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Permanently reinstating 3-mo retro: What you can do & MassHealth updates

1.      Two opportunities to regain 3-months retroactive MassHealth coverage for all MassHealth members

 

MassHealth's 1115 Demonstration has waived Medicaid’s 3-months retroactive coverage requirement for people under 65  since 1997 and allowed  them only 10 days retro.  (Three months retro  has been temporarily reinstated during the COVID pandemic, and MassHealth is proposing to make it permanent for pregnant women and children). The extension of the 1115 Demo for another 5 years and pending legislation create two chances to make the case for restoring 3 months retroactive coverage for all MassHealth members.

MassHealth 1115 Demonstration Comments Due Today Sept 20, 2021 by 5 pm

Today at 5 pm is the deadline to submit written comments on MassHealth’s proposed extension of its 1115 Demonstration.MassHealth is proposing to permanently reinstate 3 months retro for pregnant women and children, but not for other adults under 65. Written comments can be submitted by email until 5 pm today. Written comments may be delivered by email or mail. By email, please send comments to 1115-Comments@mass.gov and include “Comments on 1115 Demonstration Extension Request” in the subject line. Details here.

Sept 28, 2021  Joint Health Care Finance Committee Hearing Public Hearing 

Next week the HCF Committee will be hearing several MassHealth bills including bills to reinstate 3-months retroactive coverage called “An Act to restore the effective date of MassHealth coverage for new applicants.” H. 3873 and S. 737 (Lead Sponsors Rep. Carolyn C. Dykema and Sen. Joseph Boncore). Written testimony may be submitted to the Joint Committee on Health Care Financing via E-mail to the House and Senate Chairs at John.Lawn@mahouse.gov and Cindy.Friedman@masenate.gov as well as the Committee Director at timothy.oneill@mahouse.govDetails here.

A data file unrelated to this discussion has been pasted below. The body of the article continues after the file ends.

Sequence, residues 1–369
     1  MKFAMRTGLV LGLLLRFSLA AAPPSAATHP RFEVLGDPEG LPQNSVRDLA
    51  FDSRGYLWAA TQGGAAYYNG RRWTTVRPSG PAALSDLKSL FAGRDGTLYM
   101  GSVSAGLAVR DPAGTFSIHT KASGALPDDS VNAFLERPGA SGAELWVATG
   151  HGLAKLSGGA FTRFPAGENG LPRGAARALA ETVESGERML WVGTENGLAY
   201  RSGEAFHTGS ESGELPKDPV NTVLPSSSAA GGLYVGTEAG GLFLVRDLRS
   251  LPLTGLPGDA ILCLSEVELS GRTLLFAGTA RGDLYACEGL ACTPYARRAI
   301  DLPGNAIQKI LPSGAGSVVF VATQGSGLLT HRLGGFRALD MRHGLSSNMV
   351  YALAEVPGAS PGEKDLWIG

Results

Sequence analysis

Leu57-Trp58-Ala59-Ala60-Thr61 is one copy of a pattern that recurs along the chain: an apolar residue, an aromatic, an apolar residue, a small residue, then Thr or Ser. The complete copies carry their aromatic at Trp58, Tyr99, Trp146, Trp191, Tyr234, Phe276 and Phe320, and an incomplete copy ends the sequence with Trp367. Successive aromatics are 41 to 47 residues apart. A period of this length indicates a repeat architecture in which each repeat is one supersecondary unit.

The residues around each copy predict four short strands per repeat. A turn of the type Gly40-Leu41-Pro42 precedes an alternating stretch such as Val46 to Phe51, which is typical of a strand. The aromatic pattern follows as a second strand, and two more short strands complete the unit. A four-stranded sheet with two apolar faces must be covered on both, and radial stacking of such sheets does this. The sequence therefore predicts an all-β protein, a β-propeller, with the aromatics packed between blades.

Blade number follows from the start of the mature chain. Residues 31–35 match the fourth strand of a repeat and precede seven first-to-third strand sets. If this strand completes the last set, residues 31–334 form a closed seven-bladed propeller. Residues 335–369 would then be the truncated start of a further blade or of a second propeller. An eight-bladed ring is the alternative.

Why should 3 months retroactive coverage be restored?

·         Retroactive coverage is required by the Medicaid Act but waived in MassHealth for people under 65. It pays medical bills for people who were eligible for Medicaid/MassHealth but did not apply for assistance until after they received care. There are many reasons this may happen: People mistakenly think they are still insured at the time they received care but are not; the sudden nature of their illness prevented completing an application, or they didn’t know about available MassHealth coverage. MassHealth allows only a 10 day retroactive window to complete an application.

·         Without 3 months retroactive coverage, more low-income MassHealth members are burdened by medical debt, more participating MassHealth health care providers go unpaid, and more federal dollars are left on the table.  

·         Medical debt is a significant problem for low income families in Massachusetts. The 2019 Massachusetts Health Insurance shows that in 2019, 18% of families income-eligible for MassHealth reported problems paying medical bills and these rates were higher for people who were Black or Hispanic (20% and 19.6%).  https://www.chiamass.gov/assets/docs/r/survey/mhis-2019/2019-MHIS-Report.pdf

·         In 1997, eliminating retroactive coverage for people under 65 was offset by raising income limits to 133% of poverty, eliminating an asset test, and providing coverage to some single adults under 65. But under the ACA all these features are now part of the Medicaid expansion and reimbursed with a 90% federal match. Massachusetts is now in company with the reddest of red states in using an 1115 waiver to deny 3-months retroactive coverage to people under 65.

 

  • Add your own examples of clients/patients who benefited from 3-months retro during its temporary restoration during the COVID pandemic or who missed out earlier and were harmed.

 

 

2.      Other MassHealth Updates

MassHealth is continuing to accept verfification by self-attestation until further notice. Earlier MassHealth announced it would end the more liberal use of self-attestation to verify income, assets, residence and disability on Sept 15, 2021. BUT it has now announced it will continue to accept self-attestation until further notice.

MassHealth will not count any of the three IRS stimulus payments as assets during PHE. Earlier guidance suggested that the asset exclusion would only be for 12 months after receipt of the payments, but on Aug 13, 2021 MassHealth clarified the exclusion will last at least as long as the federal public health emergency. This will exclude the 1st round payment of $1200 which many received in April 2020. People completing applications or renewals asking for current bank statement to verify assets can still use self-attestation to verify amounts of all unspent stimulus payments.